You don't have to use wide tires -- but it's good to have the choice. You can try it out and see if you like it.

If you're comparing specs, you probably want the following, based on what you stated as your goals in your question:

  • greater tire clearance
  • longer chainstays (results in tire clearance)
  • greater vertical distance between bottom bracket and handlebars
  • Hello, thanks for your suggestions. I have decided to test two cyclocross bikes, as they seem to tick all the boxes, probably with a road-oriented tire (but still 30-32c) – Giannis May 10 '15 at 15:08
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The one thing I always say to people in your situation is to remember that we have all been there. And the saving grace here is that by the time you get to buy your second bike, you will know exactly what to look for. With that in mind, you might want to think about limiting what you spend on your first bike.

But for the moment...

For your suspension and comfort on uneven roads, I would urge you to talk to other cyclists in your vicinity. Are they riding "regular" road bikes? Or are they riding bikes like cyclocross (CX) bikes to take account of the imperfect surfaces? For example, I live in the New Forest and ride a couple of road bikes, one audax and one out-and-out racing bike, with no problem on the road surfaces down here. I have been up to Yorkshire a few times and the surfaces didn't particularly strike me as any worse than the surfaces I ride. I just think that people who are already riding these roads might be able to help you, I'm sure they'd be happy if you stopped them and asked (as long as you did so sensibly I suppose!).....I certainly wouldn't.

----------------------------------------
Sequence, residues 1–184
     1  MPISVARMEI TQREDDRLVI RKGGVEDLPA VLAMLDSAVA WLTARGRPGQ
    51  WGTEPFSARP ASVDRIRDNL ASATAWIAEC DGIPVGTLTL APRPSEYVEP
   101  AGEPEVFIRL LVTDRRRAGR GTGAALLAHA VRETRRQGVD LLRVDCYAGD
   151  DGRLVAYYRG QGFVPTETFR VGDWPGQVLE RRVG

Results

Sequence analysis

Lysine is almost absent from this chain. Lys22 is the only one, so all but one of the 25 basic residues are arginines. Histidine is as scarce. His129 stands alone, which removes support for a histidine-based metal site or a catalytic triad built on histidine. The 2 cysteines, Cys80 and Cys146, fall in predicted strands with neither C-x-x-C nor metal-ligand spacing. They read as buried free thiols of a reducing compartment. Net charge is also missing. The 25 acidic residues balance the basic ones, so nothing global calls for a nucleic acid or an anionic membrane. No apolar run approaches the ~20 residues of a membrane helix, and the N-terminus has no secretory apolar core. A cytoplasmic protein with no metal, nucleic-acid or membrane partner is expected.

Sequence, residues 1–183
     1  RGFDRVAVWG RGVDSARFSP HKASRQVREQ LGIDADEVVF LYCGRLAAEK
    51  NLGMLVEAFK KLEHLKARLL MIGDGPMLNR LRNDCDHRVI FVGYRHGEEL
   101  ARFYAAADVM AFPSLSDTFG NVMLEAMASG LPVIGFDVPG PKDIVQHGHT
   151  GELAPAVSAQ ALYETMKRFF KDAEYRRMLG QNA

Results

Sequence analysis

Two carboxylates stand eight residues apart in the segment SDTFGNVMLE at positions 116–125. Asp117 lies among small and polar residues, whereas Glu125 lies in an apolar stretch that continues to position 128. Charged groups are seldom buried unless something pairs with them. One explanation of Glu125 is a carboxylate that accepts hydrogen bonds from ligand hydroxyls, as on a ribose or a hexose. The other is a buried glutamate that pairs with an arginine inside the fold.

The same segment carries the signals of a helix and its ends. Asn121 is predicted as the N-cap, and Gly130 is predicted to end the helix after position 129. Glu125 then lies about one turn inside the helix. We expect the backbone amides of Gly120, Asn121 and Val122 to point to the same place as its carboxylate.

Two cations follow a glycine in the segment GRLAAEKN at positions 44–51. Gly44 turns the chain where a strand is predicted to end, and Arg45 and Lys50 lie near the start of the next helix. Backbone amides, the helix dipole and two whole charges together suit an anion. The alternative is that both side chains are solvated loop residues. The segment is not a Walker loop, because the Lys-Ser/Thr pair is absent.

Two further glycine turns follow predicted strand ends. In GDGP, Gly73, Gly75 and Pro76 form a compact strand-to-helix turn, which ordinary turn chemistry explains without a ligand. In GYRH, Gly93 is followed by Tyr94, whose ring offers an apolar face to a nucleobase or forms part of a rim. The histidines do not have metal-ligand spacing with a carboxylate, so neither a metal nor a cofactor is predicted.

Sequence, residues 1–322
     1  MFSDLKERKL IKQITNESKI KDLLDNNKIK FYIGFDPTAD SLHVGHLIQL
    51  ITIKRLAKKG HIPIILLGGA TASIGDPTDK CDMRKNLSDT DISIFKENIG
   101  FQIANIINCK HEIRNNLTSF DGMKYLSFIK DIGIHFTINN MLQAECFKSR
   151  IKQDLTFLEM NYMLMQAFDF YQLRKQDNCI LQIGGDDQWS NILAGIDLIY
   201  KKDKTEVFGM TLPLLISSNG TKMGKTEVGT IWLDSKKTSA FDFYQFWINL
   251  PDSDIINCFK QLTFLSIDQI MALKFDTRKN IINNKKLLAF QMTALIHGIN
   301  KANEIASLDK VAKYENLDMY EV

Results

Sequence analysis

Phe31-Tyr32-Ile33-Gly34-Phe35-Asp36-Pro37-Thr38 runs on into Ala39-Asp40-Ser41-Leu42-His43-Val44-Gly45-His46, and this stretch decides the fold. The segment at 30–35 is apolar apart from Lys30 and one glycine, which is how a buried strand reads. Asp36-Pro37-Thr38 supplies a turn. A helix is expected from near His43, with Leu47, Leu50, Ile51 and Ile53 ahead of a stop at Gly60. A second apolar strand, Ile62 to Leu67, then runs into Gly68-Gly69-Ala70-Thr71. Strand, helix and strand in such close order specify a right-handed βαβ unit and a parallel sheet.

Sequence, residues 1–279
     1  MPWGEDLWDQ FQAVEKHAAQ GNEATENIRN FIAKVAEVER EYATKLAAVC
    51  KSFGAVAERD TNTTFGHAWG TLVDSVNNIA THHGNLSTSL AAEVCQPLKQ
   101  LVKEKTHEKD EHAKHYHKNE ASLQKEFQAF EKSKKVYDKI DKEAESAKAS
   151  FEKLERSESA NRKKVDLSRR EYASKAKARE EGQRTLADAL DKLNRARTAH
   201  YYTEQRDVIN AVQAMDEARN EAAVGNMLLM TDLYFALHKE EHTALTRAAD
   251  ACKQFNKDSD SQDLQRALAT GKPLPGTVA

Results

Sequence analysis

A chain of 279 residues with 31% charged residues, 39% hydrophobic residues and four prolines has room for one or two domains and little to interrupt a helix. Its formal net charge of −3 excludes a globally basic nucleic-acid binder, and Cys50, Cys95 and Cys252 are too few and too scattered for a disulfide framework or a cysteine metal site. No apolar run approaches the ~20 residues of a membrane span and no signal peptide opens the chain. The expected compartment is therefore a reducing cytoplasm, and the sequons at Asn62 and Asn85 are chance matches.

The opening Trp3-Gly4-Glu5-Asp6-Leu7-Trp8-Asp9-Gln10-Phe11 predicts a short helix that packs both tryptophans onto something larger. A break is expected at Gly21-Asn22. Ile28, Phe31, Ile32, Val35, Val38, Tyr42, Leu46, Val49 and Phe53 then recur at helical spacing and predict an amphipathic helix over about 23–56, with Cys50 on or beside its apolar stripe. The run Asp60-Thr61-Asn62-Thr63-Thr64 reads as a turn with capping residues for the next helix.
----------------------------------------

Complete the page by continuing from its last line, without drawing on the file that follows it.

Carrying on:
Within the road bike genre, there are obviously many different styles of bike. As I say, one of my bikes is an audax bike. Audaxes are road events that are long (can be hundreds of km), so whilst they are still road bikes, they're built so the rider will be comfortable in the saddle for several hours. They also take place in the winter, so bikes will usually have things like mudguards, also I fitted a rack to mine to go touring with panniers, so something like that may be an option for you.

If you're feeling more adventurous, in professional cycling there are a series of races early on in the season (called the Spring Classics), which are held in Belgium/Holland in March/April time of year. So basically, before the weather is warm. The conditions of these races can be quite challenging. The riders will often ride bikes that, whilst still racing bikes, are designed for slightly more rugged conditions. Much like a Yorkshire August, I suspect!! But there may be some value in looking on a couple of cycling web sites at some of the bikes that are ridden in these races, to give you a heads-up on what to shop for. (Of course it depends on your budget, but many of the bike designs are affordable to the general masses, although possibly with lesser frame materials and/or components.)

But please, the single best piece of advice is to test the bike before you buy it.

  • thanks for your response. Based on these answers, and having a talk at cycling store, I will be testing two cyclocross bikes next week, they feel like the perfect fit for me. – Giannis May 10 '15 at 15:07
  • I hope it goes well for you next week. Plus after last Thursday, I suspect the condition of your roads won't improve much for the next 5 years ;-) – PeteH May 10 '15 at 15:51